A modern co-operative, where farmers harvest and store data, could lift technological gains in Australian agriculture, says a Victorian grains leader.
Chris Sounness, CEO of the Victorian farmer-owned Birchip Cropping Group, believes in the power of a data co-operative. He says that big data drawn from farm operations is a commodity worth collecting, and a co-op could be the structure to store it.
Birchip Cropping Group, based in the Wimmera and Mallee districts, is exploring this. The group has 40 farmers who have bought weather stations that will be interconnected to upload data to a single, shared source.
BCG, as a farmer-owned entity, has a natural advantage in pioneering the shared system, Mr Sounness says.
It is a trusted entity for farmers to aggregate their information in. BCG is now trying to ascertain if farm businesses are willing to invest.
“At the moment farmers have got the data on the USB, on their harvester, in their head, in the notepad that’s been through the washing machine, on their worker’s phone or on their own phone which fell in the trough,” Mr Sounness said.
According to Mr Sounness the challenge is getting farmers to see value in collecting and curating their data.
“Currently farmers have to do some data collection for compliance but it is rarely done with passion,” he said.
“Unless they’re passionate about it, technology won’t go far.
“We need to create an environment where they want to curate and it is rewarding.”
One suggestion is too reward farmers in some way for contributing data.
“The farmer has got to feel it leads to better decisions,” Mr Sounness said.
“They’ve got to feel it’s going to be worth their while.”
Mr Sounness suggested that co-op members should be custodians of the data and its use may be best governed by contract law.
“We all need education to ensure the farmers get the benefit of their efforts,” he added.
As technology rapidly changes and advances, one of BCG’s key tasks will be to keep on top of new and emerging technologies to identify which ones increase farm profitability and to ensure their members have the skills to take advantage.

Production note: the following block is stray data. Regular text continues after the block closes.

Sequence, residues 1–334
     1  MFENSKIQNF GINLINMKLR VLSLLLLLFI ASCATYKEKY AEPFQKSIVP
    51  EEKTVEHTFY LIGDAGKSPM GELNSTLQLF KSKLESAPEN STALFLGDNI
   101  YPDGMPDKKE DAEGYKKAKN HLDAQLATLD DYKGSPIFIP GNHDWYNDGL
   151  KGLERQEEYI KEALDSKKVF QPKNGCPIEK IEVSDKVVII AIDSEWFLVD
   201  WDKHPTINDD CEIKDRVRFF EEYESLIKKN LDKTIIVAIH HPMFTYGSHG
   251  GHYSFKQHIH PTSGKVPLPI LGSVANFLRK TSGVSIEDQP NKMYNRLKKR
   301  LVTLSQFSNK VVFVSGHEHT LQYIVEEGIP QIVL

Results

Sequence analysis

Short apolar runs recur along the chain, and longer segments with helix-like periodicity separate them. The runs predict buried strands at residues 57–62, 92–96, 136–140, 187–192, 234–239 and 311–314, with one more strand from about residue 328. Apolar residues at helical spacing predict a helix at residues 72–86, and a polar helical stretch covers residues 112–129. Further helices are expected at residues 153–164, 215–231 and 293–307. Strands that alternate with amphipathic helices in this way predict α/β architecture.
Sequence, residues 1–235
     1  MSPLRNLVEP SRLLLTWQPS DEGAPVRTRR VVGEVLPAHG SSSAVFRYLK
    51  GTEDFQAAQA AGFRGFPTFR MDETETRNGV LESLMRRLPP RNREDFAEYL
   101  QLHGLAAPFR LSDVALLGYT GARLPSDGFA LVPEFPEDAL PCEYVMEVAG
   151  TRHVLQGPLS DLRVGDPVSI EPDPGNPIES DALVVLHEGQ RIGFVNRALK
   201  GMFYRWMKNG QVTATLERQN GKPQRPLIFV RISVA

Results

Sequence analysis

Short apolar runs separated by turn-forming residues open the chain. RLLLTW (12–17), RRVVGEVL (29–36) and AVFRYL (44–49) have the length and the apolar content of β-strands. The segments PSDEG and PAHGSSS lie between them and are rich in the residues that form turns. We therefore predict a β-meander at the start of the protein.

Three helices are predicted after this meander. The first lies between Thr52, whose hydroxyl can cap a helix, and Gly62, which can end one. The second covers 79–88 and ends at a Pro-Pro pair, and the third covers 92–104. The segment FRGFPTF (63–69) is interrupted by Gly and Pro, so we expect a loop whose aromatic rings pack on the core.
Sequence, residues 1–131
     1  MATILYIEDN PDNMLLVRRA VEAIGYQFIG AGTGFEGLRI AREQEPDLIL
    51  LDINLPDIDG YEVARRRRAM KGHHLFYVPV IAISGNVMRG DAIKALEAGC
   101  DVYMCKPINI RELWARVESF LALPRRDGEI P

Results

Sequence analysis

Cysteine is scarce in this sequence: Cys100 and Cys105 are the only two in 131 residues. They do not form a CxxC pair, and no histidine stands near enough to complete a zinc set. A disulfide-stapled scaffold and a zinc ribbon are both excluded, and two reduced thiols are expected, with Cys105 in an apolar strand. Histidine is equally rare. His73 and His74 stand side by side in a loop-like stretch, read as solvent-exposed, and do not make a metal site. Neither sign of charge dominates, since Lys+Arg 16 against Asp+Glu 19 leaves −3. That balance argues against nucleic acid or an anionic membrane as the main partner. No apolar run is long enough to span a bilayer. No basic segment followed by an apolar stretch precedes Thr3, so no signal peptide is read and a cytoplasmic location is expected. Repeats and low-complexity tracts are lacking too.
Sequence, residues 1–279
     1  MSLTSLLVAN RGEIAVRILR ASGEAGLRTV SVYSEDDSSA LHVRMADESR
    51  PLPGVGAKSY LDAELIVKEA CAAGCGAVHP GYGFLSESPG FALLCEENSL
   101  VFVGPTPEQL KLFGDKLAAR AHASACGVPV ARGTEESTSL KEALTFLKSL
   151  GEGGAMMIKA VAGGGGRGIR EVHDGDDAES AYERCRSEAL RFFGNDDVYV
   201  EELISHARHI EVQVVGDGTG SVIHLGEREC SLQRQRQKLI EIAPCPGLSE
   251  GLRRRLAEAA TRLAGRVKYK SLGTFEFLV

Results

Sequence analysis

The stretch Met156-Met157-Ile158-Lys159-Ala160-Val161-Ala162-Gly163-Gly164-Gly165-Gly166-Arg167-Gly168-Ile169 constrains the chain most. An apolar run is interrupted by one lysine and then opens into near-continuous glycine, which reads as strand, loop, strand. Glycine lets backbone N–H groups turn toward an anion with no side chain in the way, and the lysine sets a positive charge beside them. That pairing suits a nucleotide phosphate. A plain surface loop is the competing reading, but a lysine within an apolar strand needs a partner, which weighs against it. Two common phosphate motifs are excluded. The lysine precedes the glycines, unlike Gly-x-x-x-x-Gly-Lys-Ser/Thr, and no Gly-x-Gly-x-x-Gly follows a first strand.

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The Birchip Cropping Group (BCG) was founded in 1992 by a group of farmers who were keen to see research support grain growing. Initially it was known as Birchip Cropping Demonstration Sites. Today BCG boasts over 400 family farms as members, supported by 20 staff. BCG’s mission is to improve the prosperity of Australian broad acre farmers through science-based research, and extension. In 2016 is managing 120 trials (12,000 plots) sown across 40 sites throughout the Wimmera Mallee. Only 5 per cent of BCG income comes from membership fees BCG’s scope has increased to encompass research trials, social research, major events and extension in all aspects of farming including agronomics, farming systems, climate, plant nutrition, crop diseases, weed and pest management and risk management.
For collaborative models to work, sometimes someone needs to take a leap of faith. BCG was able to start when a member donated 40 acres of land for growing trials. Agronomic support was then donated. Evaluate what demand there is for the support you are offering. BCG received over 500 attendees to their first field day. In 2015, 23 years later, BCG events continue to attract large crowds. They knew from this they were supporting an area where significant demand existed. Look for value-add areas related to your core business. BCG is in the area of science-based research and information sharing. Collaborative data collection and dissemination seems a natural progression.